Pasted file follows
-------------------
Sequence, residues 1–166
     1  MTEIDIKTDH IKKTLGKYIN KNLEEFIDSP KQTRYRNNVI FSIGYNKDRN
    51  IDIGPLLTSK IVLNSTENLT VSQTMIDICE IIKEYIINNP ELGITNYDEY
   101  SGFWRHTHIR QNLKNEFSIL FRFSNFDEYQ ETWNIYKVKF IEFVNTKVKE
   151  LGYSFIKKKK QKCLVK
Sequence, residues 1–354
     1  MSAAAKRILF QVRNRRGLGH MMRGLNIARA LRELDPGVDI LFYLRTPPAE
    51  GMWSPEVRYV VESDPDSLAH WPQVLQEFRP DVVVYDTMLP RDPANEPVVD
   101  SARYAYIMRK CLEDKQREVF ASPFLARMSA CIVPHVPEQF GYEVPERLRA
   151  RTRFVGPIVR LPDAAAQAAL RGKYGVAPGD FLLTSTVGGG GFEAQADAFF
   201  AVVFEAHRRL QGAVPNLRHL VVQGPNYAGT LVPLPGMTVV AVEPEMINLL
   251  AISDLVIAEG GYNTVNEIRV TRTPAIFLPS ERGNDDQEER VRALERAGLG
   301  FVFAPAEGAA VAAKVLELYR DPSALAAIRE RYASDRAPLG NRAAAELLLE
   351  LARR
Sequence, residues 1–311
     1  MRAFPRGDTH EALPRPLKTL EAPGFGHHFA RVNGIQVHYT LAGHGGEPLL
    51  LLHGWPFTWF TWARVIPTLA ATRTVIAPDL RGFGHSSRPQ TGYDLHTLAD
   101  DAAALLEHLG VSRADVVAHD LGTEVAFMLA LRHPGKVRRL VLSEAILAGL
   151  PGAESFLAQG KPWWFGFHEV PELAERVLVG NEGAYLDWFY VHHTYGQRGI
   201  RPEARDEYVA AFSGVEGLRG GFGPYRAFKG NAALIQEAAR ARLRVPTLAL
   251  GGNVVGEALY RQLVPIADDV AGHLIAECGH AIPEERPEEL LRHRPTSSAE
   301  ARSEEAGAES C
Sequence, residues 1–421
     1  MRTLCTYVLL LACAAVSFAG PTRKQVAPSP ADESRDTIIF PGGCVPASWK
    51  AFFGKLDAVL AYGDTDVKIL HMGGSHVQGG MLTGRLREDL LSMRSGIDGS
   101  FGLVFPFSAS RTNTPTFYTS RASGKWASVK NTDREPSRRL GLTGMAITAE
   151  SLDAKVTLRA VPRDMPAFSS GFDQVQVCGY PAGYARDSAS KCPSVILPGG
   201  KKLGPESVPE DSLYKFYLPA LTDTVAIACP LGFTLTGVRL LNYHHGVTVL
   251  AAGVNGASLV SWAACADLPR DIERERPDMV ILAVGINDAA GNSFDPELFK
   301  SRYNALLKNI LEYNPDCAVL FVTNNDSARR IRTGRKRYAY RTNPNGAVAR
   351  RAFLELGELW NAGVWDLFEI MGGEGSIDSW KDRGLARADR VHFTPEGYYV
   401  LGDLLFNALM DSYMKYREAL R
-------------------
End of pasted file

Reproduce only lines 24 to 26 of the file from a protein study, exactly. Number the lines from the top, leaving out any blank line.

     1  MRTLCTYVLL LACAAVSFAG PTRKQVAPSP ADESRDTIIF PGGCVPASWK
    51  AFFGKLDAVL AYGDTDVKIL HMGGSHVQGG MLTGRLREDL LSMRSGIDGS
   101  FGLVFPFSAS RTNTPTFYTS RASGKWASVK NTDREPSRRL GLTGMAITAE